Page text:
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Twelve Ravens thoughts following Chuck Clark extension

Posted on 11 February 2020 by Luke Jones

With the Ravens locking up another piece of their secondary with Chuck Clark’s three-year contract extension, I’ve offered a dozen thoughts, each in 50 words or less:

1. Who would have imagined the 2017 sixth-round pick receiving $10 million guaranteed when Clark had only two career starts under his belt a year ago? He flashed starter potential filling in late in 2018, but few would have guessed him being the first from his draft class to get extended.

2. Clark citing Eric Weddle and Tony Jefferson as individuals aiding in his development wasn’t surprising, but he also mentioned retired special teams coordinator Jerry Rosburg, who had a similar impact on numerous young players who eventually worked their way up to meaningful defensive or offensive roles. He was highly respected.

3. The signing reiterated the writing on the wall for Jefferson and his future in Baltimore that’s felt apparent for a while, but the veteran’s congratulatory tweet was a snapshot of why teammates and coaches like him so much. Regardless of what happens, he’ll have many rooting for him.

4. The overwhelming reaction to Weddle’s retirement wasn’t surprising as his three seasons in Baltimore stabilized a safety position that had been problematic since the end of the Ed Reed era. Echoing others, I wouldn’t be surprised to see him back with the organization in some capacity down the road.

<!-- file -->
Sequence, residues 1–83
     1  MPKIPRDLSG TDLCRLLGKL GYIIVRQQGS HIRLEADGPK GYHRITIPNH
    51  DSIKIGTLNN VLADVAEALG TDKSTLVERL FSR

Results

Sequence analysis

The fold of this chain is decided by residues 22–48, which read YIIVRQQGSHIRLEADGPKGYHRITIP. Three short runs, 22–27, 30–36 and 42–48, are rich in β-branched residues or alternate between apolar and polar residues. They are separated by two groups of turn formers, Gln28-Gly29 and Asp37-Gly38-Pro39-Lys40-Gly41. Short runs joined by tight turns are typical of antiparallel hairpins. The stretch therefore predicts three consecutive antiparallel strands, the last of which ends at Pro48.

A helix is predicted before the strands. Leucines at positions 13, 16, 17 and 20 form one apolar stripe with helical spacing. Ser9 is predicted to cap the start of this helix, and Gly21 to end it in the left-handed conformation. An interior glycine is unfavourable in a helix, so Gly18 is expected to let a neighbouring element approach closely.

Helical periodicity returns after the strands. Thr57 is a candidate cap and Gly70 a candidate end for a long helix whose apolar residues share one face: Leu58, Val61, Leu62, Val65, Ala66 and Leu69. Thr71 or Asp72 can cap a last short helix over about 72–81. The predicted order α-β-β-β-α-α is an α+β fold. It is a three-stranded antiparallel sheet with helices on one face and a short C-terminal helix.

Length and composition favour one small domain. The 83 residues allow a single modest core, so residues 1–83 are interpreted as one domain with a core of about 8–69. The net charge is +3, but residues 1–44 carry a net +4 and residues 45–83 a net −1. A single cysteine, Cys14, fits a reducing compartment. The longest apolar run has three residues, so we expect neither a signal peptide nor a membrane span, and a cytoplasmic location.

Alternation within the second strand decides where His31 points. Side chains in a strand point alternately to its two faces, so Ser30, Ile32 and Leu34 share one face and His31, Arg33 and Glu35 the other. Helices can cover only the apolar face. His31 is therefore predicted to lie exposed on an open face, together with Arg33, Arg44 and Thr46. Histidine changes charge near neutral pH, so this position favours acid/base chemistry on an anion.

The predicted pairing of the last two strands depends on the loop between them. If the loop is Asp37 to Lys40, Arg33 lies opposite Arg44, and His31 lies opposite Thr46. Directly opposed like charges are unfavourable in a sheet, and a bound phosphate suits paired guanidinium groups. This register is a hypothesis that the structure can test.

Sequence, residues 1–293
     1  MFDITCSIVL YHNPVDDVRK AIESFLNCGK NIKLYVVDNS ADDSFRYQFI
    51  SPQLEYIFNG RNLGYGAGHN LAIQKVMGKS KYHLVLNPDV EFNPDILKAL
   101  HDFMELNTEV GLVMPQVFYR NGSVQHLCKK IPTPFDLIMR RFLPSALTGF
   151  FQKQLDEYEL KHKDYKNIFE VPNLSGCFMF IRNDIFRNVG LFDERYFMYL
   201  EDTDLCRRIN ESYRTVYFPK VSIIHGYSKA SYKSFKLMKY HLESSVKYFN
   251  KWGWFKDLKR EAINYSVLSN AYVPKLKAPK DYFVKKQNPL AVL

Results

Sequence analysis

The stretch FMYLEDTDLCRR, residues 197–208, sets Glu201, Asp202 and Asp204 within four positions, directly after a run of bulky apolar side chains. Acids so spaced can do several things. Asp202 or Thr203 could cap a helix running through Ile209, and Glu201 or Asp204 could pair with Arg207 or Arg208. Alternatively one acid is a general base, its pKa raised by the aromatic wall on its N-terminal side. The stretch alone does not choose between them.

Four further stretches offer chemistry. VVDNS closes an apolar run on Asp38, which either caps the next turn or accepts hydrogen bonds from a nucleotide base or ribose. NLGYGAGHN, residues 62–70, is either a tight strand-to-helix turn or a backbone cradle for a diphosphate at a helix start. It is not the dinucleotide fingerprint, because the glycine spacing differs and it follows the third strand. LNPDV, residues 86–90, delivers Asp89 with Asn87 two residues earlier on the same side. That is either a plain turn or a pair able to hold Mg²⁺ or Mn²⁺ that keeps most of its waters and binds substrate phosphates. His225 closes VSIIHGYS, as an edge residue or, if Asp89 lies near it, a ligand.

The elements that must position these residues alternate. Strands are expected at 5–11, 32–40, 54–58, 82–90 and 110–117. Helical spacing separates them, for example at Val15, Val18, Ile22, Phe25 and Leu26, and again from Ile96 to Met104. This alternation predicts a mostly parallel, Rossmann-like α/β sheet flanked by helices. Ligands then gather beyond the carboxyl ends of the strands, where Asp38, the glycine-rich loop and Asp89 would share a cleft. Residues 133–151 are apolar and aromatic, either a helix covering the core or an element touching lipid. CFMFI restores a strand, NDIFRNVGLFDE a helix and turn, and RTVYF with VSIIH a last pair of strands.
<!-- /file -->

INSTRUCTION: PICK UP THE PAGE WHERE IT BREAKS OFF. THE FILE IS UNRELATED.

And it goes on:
5. I sometimes wonder if the Ravens have missed out on helpful free agents over the years at the expense of their compensatory pick obsession, but Day 3 guys like Clark and Nick Boyle — not compensatory selections themselves — receiving second contracts helps one understand why they value those late lottery tickets.

6. Speaking of former Day 3 picks, I’m fascinated to see how the Matthew Judon situation plays out. You don’t want to overpay, but that’s easier said than done at a position of great need for a Super Bowl-caliber team with a favorable salary cap picture for the next couple years.

7. I’m reluctant to pay substantial money to re-sign Jimmy Smith since he’ll be 32 and hasn’t played more than 12 games in a season since 2015, but Clark’s extension reminded how highly the Ravens value the secondary. Insurance behind Marlon Humphrey, Marcus Peters, and Tavon Young will be prioritized.